Tuesday, April 13, 2010

The Economy Hit Bottom, But It Is Still Not Official

June, 2009?

Here at Mammon Among Friends, you have been reading for some time that the recession of 2007-2009 ended last June (i.e., June, 2009.)  The Business Cycle Dating Committee of the National Bureau of Economic Research (the NBER) ducked the issue, although it looks like a consensus agrees with me.  Their caution flows from a fear that we might have a repeat of 1980 and 1982 when we had either back to back recessions or one double dip recession.   The committee's decision was for the former.

I have no doubt we are well into a recovery and that the trough was June 2009.

Robert Gordon agrees: "It is obvious that the recession is over. Real GDP has recovered strongly from a trough in 2009:Q2 and by 2010:Q2 (the current quarter) will have reached (or be very close to) its value reached in the peak NBER quarter of 2007:Q4...The traditional measure of production used by the committee is the Federal Reserve Board Index of Industrial Production (IIP), which reached a well-defined trough in June 2009. For those who object that the IIP refers only to about 15 percent of the economy, the broader monthly measure real manufacturing and trade sales also reached its trough in June 2009. The private firm Macro Advisers has constructed a measure of monthly GDP that is available back to 1992, and this also indicates a cyclical trough in June 2009. While real GDI is flat across 2009:Q2 and 2009:Q3, quarterly real GDP reaches its trough in 2009:Q2, as does the average of quarterly real GDP and real GDI. Thus we have three monthly measures that reach a trough in June, the average of two measures of aggregate economic activity which reach their trough in 2009:Q2, and no clearly defined troughs occurring later than that in any series other than the traditional lagging data on aggregate hours of work and total employment."

Gordon is the senior guy on the committee now that Victor Zarnowitz is dead.   I'm in good company!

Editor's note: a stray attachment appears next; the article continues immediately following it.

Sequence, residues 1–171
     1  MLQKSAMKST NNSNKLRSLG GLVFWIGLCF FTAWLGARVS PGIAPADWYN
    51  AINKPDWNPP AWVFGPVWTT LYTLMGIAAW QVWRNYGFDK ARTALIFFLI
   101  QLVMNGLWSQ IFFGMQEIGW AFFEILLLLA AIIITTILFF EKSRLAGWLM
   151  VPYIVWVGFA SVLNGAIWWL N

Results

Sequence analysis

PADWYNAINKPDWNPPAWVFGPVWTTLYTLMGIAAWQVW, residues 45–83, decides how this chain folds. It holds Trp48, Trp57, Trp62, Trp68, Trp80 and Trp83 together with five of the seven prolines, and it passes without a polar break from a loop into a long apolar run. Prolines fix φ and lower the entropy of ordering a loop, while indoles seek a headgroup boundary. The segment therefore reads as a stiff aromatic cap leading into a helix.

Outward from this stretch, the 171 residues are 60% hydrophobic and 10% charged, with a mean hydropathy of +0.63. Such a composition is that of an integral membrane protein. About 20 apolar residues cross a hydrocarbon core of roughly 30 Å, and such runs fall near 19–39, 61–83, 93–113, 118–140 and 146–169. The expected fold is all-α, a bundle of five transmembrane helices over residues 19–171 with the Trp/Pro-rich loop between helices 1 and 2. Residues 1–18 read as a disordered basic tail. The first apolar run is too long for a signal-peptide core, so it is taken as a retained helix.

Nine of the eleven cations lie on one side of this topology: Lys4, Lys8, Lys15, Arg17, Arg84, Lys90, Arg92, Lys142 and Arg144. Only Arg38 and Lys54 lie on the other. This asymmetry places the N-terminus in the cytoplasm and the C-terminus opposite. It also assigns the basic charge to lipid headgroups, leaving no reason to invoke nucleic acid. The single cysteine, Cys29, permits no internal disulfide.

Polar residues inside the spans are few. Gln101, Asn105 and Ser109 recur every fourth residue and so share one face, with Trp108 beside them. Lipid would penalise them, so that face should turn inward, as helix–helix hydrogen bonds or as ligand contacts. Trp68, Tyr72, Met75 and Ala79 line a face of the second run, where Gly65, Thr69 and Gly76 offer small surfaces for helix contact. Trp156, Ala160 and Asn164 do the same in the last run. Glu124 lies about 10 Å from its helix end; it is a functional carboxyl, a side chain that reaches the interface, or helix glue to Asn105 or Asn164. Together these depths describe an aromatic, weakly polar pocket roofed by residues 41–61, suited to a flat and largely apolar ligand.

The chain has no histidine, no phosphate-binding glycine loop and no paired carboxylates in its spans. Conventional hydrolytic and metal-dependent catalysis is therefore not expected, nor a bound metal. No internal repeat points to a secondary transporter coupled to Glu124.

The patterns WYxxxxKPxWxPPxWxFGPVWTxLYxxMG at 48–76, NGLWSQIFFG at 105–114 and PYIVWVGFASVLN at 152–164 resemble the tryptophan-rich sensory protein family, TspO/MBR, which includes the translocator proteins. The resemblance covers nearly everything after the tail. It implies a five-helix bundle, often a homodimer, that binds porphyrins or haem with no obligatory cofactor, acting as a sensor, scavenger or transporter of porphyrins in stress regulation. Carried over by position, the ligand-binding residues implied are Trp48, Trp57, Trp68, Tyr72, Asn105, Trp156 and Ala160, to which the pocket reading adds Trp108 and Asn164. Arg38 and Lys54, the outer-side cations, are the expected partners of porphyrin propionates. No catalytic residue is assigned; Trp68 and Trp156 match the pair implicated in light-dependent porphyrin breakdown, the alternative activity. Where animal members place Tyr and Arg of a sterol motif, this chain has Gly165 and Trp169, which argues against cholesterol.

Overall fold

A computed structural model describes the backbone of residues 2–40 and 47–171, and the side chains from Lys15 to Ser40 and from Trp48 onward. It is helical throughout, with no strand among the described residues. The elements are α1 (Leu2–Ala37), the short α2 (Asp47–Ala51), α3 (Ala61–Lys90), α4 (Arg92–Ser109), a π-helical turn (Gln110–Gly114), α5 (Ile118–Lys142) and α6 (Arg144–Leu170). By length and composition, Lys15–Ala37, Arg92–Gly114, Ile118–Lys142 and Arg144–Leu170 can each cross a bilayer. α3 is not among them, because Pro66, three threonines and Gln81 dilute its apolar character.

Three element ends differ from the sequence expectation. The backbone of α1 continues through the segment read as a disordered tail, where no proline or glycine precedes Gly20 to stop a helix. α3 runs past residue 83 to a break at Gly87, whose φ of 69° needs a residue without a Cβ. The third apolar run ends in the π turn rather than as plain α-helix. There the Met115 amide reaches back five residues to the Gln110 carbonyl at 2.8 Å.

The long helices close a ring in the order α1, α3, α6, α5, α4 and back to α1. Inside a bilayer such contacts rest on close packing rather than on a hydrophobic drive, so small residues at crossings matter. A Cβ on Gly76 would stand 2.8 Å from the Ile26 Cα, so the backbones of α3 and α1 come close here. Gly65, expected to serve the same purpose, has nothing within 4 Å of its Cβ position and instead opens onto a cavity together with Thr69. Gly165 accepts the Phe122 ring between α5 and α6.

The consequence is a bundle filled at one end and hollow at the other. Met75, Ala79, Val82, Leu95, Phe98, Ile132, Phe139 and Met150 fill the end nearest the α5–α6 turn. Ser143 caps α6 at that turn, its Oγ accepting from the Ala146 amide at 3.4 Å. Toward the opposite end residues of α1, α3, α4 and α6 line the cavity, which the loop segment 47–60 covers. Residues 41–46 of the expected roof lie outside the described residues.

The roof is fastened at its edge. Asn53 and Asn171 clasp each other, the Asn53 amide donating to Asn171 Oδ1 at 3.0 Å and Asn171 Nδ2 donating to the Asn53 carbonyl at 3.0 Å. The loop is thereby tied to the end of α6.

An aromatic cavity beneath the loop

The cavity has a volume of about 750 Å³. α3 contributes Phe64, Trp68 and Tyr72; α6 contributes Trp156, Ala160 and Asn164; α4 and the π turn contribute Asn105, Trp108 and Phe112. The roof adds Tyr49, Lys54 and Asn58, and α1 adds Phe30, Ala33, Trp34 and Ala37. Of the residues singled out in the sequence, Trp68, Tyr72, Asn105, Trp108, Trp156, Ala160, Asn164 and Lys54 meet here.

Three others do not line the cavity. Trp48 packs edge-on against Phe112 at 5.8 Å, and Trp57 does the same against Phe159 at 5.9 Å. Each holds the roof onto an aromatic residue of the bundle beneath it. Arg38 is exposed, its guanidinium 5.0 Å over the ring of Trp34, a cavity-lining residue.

Jeffrey Frankel seems to be in the same camp. On April 5th, he blogged, "The recession is over."

What is a Recession?

A recession is a broad, sustained decline in a wide range of economic indicators. The committee has put increasing stress on GDP over the years , although not as much as they did in 1966. Still the monthly indicators are decisive and most of the coincident indicators are measures of private activity: e.g., real retail sales, industrial production, personal income minus transfer payments.

The committee's actual statement was:

"The Business Cycle Dating Committee of the National Bureau of Economic Research met at the organization’s headquarters in Cambridge, Massachusetts, on April 8, 2010. The committee reviewed the most recent data for all indicators relevant to the determination of a possible date of the trough in economic activity marking the end of the recession that began in December 2007. The trough date would identify the end of contraction and the beginning of expansion. Although most indicators have turned up, the committee decided that the determination of the trough date on the basis of current data would be premature. Many indicators are quite preliminary at this time and will be revised in coming months. The committee acts only on the basis of actual indicators and does not rely on forecasts in making its determination of the dates of peaks and troughs in economic activity. The committee did review data relating to the date of the peak, previously determined to have occurred in December 2007, marking the onset of the recent recession. The committee reaffirmed that peak date."

Where Are We At?  Where Are We Going?

We certainly should have a strong recovery given how far the economy fell. The first part of a recovery is when things are at their worst. Places where the housing bubble was the worst will recover more slowly.

My greater concern is that the administration's health care payment "reform" and taxing will create a second recession much like the very severe Roosevelt recession of 1937-8.  That would not be pretty.

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